The initial concept of additive manufacturing -- to produce functional prototypes -- was just the staging ground. AM is gaining market share as manufacturers realize the full benefit of additive manufacturing, compared to traditional machining methods. Now, with it's ability to produce metallic parts, the technology is pushing the limits of what is possible.

Conventional Limitations

The success of metal AM is in part due to the limitations of conventional advanced-materials powdered metallurgy (PM), like metal injection molding (MIM). Conventional PM processes can be used to produce advanced-material metallic parts from materials like titanium alloys, but these include detail limitations, design restrictions and often higher unit costs.

Advanced material MIM is typically carried out in a vacuum furnace. Metal powders are sintered at temperatures up to 1,640° C. Producers like Praxis Technology have carved out a market for titanium MIM, producing small, complex geometries at a lower cost when part volumes are greater than 10,000 units. However, lower part counts and increased part sizes pose challenges.

The limitations of advanced-material MIM prohibit its use when dealing with larger part volumes. This is due to the high-temperature sintering process, which can lead to density gradients, inhomogeneous shrinkage during the densification process and geometric distortions. It also has longer cycle times and is cost prohibitive when dealing with small to medium production runs due to the overhead associated with tool and die production.

Advanced Material AM

Advanced material AM fills a need where conventional PM processes fail to offer an economical and viable solution. It also offers a host of added benefits that have allowed the technology to penetrate key industries.

There is a wealth of AM technologies used to produce metallic parts, including powder bed technologies like selective laser melting (SLM), electron beam melting (EBM) and precision inkjet printing, as well as powder bed technologies, which may be referred to as laser metal deposition or laser cladding.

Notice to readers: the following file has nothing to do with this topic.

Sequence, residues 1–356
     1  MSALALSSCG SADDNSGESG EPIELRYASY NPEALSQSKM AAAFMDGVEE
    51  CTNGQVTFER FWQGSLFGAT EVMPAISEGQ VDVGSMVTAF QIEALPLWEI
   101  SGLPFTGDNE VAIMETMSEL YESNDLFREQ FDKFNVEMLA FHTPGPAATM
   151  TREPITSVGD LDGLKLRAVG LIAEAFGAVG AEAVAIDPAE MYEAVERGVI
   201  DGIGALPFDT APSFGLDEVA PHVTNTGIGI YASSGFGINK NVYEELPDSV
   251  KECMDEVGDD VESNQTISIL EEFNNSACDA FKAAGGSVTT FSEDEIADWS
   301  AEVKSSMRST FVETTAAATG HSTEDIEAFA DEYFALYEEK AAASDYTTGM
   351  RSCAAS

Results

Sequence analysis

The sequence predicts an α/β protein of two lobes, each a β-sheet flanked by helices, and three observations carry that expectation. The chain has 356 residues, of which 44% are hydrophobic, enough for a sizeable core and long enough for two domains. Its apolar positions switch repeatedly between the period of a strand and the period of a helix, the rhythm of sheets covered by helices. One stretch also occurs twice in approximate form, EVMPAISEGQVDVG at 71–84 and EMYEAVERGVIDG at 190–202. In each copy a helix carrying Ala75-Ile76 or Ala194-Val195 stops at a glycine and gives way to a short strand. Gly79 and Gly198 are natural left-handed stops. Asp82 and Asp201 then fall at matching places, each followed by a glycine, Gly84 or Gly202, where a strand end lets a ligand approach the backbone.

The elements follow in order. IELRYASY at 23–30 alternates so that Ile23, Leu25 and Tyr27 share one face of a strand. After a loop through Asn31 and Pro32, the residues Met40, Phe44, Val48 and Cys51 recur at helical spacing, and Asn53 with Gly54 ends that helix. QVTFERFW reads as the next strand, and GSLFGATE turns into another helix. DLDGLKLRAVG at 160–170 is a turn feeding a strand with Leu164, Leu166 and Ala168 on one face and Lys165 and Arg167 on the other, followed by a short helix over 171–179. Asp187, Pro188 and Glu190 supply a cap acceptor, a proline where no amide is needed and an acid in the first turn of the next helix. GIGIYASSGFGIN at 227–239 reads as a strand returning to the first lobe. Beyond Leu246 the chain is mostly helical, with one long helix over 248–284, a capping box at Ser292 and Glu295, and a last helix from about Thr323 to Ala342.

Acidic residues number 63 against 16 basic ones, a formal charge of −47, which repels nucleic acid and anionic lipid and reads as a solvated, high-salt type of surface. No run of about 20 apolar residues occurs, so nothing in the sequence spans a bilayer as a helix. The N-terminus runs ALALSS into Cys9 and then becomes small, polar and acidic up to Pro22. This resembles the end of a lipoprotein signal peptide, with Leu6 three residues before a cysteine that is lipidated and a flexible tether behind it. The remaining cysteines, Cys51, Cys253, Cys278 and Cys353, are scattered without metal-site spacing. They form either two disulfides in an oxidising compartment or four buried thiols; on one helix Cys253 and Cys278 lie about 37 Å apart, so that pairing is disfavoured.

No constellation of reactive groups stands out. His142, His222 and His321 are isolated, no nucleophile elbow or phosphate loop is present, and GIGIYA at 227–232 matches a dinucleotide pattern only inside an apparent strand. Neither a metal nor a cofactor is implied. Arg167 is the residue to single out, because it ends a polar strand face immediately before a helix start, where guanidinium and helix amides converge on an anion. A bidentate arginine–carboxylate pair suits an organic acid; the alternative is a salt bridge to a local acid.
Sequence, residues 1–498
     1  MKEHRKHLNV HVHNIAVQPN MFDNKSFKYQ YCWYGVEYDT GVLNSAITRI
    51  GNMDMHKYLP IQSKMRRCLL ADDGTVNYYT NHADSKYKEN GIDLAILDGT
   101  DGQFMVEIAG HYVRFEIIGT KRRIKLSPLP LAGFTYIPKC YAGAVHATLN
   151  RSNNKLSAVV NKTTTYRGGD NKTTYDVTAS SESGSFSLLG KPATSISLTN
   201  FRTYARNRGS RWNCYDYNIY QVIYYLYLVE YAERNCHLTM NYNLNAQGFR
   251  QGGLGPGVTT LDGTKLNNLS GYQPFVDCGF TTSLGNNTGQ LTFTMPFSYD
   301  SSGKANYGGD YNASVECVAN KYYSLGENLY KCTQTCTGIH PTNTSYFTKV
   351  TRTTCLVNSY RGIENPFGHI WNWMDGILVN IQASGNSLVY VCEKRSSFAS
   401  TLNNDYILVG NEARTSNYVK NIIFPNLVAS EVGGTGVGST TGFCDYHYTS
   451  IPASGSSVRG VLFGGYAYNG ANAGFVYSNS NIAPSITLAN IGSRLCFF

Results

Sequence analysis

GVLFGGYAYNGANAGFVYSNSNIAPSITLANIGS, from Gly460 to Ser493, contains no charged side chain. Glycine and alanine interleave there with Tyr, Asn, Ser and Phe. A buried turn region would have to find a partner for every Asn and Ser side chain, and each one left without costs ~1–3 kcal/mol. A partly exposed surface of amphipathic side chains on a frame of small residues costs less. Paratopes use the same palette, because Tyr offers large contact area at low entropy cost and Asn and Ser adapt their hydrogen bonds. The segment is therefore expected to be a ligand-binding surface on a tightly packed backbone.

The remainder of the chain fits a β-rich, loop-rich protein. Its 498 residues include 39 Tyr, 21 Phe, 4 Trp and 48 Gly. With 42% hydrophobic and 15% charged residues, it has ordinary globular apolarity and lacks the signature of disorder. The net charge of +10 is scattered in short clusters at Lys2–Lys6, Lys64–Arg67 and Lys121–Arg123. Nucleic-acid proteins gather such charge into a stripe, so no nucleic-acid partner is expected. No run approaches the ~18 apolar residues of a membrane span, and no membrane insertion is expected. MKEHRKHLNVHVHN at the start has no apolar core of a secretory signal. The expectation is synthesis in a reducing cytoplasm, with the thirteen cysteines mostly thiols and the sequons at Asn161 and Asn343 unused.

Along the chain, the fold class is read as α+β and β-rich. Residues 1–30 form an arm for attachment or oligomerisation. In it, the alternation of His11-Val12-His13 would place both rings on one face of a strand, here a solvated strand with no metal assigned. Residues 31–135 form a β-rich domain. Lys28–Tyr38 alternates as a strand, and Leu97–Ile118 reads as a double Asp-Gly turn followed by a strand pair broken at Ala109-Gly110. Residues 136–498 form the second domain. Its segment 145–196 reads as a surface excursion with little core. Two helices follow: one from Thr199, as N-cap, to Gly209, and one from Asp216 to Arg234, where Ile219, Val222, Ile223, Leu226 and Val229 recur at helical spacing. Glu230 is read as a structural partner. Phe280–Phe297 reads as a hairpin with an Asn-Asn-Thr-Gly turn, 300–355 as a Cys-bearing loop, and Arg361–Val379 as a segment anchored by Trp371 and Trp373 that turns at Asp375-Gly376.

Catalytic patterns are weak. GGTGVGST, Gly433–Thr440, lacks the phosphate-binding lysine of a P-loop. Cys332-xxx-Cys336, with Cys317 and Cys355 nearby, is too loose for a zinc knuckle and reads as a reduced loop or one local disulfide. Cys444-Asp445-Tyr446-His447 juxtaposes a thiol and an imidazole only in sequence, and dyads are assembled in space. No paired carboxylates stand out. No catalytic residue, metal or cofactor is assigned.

Each technology offers unique benefits. For example, SLM and EBM are ideal methods when producing complex shapes with internal cavities, lattice structures and thin walls. These allow for an overall part-count reduction as multiple intricate parts can be combined into a single-part design.

Blown powder technologies provide for higher production rates, the use of coarser powders and accommodate larger geometries. Inkjet printing offers high tolerances, good surface finish and resolution, but must be sintered in a furnace following powder deposition, so that the binder and powdered metal can be consolidated through a densification process.

Added benefits of metal AM include freedom of design with few restrictions, reduced part weight through incorporations of lattice and foam inner structures, short cycle times and the elimination of expensive tooling and dies. It also offers the ability to print out-of-production spare parts on demand and is supported by a wide range of alloys developed specifically to support metal AM processes.

Conclusion

Additive manufacturing is not as much a threat to conventional metal powder technologies as it is an opportunity to improve market penetration. PM has developed into a highly reliable method for manufacturing ferrous and non-ferrous parts. The advent of metal AM not only helps increase market penetration but has also promoted advanced powdered materials development.

The European Powder Metallurgy Association reported that annual worldwide metal powder production exceeds one million tons. The increased demand is due to continually and rapidly evolving technologies, which now includes metal AM. Key industries — including the aerospace industry, automotive industry and medical industry — have created this demand and are incorporating metal AM as a cost-conscious and viable option for parts manufacturing.

PM and metal AM have become increasingly attractive when dealing with advanced metallic materials due to the reduced cost in the bill of materials. From the production of heat sinks for electronic components, the production of tools and dies for conventional manufacturing, to general parts designs for key industries, metal AM and PM have become a reliable choice offering unrivaled accuracy, repeatability and freedom of part design.

Resources:

Metal Additive Manufacturing / 3D printing: An Introduction

Think Out of the Box with Additive Manufacturing

To contact the author of this article, email shawn.martin@ieeeglobalspec.com